Wharton Entrepreneurial Offerings, Ecosystem Expanding Rapidly
Wharton has been steadily adding to its entrepreneurship offerings for several years now. VIP-Xcelerate, a new invite-only, four-month accelerator program, provides co-working space, access to workshops, and group advising for student ventures that are ready to launch. A Summer Venture Award provides financial support to students looking to build out their business ideas in lieu of a traditional summer internship. The school’s campus in San Francisco affords MBA students the opportunity to spend a semester in the heart of Silicon Valley. And the Penn Wharton Innovation Fund, endowed by Wharton alumnus Alberto Vitale (WG’59) to serve as “a catalyst to stimulate innovation at the school and to surface the brainpower of its students,” has awarded more than $540,000 to 210 ventures.
Along the way, the larger Penn Wharton entrepreneurial ecosystem has also only grown, giving students access to investor dollars and other support from the Dorm Room Fund, DreamIt Ventures, Ben Franklin Technology Partners, the University City Science Center, and others. The growth of the newly coined Startup Challenge itself, which has expanded in both size and scope in the 19 years since its launch, mirrors the growth of this ecosystem.
Entrepreneurship Not Always a Top Draw, But Omnipresent When Student Arrive
Students seem very appreciative of the resources—even if many say they weren’t what drew them to Wharton, and they don’t plan to pursue their ventures full time straight out of school. “I didn’t come to business school to start a business,” says Wharton second-year MBA student Renata Aráuz-DeStefano, whose business, Mwayi, brings customized, handmade clothing in vibrant African prints to U.S. consumers while providing training and jobs to Malawi women. After successfully recruiting for a full-time banking role in New York after graduation, she’s had time left over to devote to her social impact venture. “This has been my second-year baby,” she says.
Pinch’s co-founders, second-year Wharton MBA students Sarah Budhiman and Dylan Hooe, also only fell into entrepreneurship once they got to Wharton. Avid amateur chefs, they were swept up in the entrepreneurial spirit that surrounded them at school and saw an opportunity to address a pain point they’d each encountered in their cooking, namely spices past their prime. They will both start full-time jobs in the fall but plan to continue developing Pinch in their time outside of work.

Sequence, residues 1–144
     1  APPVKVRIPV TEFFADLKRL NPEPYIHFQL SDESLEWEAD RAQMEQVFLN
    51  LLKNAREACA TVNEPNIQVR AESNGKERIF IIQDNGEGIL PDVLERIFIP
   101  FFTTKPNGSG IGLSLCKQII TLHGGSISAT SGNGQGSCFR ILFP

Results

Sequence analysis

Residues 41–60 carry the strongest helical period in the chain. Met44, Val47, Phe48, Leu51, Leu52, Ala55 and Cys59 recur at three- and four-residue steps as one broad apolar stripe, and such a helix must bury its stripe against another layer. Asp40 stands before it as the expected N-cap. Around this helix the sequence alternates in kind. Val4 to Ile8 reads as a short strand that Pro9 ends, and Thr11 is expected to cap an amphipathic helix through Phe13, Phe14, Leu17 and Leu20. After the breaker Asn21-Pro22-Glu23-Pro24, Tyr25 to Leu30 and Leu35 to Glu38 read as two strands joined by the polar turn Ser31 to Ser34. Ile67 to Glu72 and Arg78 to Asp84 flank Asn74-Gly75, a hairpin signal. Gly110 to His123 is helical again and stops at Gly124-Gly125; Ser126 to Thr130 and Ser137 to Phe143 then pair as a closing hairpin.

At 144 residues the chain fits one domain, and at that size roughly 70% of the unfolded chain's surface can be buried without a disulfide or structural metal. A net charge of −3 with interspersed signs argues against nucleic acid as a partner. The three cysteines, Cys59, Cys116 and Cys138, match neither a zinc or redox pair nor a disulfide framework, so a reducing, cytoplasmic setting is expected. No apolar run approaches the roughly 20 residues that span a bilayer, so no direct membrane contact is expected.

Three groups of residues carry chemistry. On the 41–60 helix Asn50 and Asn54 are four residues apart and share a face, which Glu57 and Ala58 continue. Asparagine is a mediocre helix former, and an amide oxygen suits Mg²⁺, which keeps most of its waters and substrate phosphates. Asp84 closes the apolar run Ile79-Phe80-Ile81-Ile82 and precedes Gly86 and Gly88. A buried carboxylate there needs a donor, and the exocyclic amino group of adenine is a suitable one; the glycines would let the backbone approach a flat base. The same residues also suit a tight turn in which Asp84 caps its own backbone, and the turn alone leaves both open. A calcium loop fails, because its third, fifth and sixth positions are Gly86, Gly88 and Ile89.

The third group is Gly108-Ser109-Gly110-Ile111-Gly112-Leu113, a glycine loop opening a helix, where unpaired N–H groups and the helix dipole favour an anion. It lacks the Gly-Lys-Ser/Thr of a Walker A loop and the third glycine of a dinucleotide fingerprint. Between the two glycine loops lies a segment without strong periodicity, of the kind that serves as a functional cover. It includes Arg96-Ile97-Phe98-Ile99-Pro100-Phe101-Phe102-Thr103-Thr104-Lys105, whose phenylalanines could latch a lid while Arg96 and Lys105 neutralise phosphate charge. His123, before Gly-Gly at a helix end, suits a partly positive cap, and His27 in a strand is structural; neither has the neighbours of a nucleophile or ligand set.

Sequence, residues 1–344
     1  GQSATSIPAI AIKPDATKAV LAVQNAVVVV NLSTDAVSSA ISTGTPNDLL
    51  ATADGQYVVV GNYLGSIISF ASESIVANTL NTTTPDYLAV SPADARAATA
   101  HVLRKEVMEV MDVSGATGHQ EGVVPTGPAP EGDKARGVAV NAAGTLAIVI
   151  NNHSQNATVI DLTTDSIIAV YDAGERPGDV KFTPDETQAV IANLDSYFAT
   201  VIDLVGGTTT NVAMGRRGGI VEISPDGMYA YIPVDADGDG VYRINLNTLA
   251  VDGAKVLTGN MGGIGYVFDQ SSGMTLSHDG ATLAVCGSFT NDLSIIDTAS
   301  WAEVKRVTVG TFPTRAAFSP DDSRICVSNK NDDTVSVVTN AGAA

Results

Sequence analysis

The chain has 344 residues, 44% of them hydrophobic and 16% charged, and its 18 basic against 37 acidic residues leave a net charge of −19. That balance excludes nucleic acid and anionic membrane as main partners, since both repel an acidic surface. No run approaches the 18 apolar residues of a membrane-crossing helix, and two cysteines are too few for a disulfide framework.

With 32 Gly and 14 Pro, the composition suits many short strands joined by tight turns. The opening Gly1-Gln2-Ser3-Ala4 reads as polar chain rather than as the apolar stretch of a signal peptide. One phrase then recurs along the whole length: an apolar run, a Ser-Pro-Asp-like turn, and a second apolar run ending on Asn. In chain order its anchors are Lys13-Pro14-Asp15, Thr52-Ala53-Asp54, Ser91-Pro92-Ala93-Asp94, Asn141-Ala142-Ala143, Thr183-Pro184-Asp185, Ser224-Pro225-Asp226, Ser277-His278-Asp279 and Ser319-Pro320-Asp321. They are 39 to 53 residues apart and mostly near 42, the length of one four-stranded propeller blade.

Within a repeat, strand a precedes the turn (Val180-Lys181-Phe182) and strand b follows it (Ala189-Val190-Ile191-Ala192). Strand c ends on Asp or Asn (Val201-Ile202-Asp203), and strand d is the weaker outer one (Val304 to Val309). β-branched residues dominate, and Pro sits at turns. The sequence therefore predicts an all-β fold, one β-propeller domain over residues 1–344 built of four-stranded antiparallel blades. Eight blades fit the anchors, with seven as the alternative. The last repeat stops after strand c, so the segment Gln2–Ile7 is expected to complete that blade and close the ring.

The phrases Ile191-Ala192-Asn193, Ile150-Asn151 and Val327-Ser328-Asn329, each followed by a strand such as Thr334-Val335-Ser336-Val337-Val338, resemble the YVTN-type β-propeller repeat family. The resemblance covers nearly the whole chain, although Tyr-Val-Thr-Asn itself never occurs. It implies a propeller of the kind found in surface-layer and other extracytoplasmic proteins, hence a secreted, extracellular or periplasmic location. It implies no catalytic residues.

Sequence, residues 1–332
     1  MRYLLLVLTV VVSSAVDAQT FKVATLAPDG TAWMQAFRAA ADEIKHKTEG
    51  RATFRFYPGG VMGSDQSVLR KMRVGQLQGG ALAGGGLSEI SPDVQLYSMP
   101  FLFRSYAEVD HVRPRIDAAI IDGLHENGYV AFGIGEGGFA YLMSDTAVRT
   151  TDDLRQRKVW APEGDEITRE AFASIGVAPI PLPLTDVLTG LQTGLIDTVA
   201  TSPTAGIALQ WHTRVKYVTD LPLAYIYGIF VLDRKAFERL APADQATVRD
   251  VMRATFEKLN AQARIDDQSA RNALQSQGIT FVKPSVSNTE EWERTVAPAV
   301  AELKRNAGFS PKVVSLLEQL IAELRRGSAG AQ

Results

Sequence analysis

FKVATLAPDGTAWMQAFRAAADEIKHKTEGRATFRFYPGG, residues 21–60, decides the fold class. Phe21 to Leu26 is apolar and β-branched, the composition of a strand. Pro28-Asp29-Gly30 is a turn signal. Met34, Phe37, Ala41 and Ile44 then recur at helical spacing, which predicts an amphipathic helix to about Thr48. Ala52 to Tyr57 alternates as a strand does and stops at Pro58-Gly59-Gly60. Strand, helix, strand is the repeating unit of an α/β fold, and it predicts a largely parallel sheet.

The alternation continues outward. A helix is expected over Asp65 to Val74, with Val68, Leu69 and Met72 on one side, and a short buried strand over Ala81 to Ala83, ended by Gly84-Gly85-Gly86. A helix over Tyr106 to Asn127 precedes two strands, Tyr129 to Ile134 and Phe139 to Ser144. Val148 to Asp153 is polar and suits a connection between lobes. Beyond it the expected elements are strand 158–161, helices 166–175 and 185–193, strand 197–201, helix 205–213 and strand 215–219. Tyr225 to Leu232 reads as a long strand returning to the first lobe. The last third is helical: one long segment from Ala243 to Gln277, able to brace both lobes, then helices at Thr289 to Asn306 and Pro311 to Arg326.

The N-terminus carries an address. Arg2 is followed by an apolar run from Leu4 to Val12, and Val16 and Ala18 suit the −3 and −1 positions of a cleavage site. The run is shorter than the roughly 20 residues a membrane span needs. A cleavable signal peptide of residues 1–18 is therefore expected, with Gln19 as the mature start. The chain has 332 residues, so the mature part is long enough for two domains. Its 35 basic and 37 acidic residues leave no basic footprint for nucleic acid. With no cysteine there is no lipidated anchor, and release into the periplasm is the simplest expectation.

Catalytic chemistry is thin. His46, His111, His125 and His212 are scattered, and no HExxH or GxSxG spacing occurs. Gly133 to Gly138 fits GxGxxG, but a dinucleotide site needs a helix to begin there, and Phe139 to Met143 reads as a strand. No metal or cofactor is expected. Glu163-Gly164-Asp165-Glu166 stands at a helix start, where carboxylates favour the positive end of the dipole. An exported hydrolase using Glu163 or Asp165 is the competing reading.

Twine’s Quan also says he didn’t come to Wharton for entrepreneurship. “A lot of it was actually Wharton’s expertise around analytics. Wharton is fundamentally a people analytics– and customer analytics–focused school—arguably the most quantitative school out there,” he says. Access to a base of research from core professors who are leaders in their respective fields—including Adam Grant, Peter Fader, and Cade Massey—was also instrumental, he says. And Twine’s first big client, Nielsen, came out of a serendipitous meeting at Wharton’s People Analytics Conference.
That said, the resources available to him as an entrepreneur have been huge. Twine is a three-time winner of the Penn Wharton Innovation Fund and a member of VIP-Xcelerate. And then there is the Startup Challenge itself. “Coming in, the Penn Wharton Startup Challenge is the marquee competition on campus,” Quan says. “It has such an allure and brings some of the biggest names from the community out.” Leaving aside the $45,000 in prize money, the Twine team also benefitted from working alongside the other talented finalist teams, in-bound media opportunities, and the opportunity to build relationships with the judges, he says. “Getting in front of Marc Lore, Richard Perlman—having that access and being able to put our business venture in front of them and get their advice on how we go to market—that was really powerful.”
According to Wharton second-year MBA student Divinity Matovu, who was drawn to the school in part for the support it offers entrepreneurs, Wharton’s efforts to bolster its entrepreneurship offerings has so far outpaced demand. “There are a lot of resources being invested by the school and not a lot of people taking advantage of them relative to the class size,” she says. The result is a windfall for those who do come to school with an entrepreneurial path in mind—and for those who catch the bug while there. “It’s like a buffet,” she says.
Until word gets out…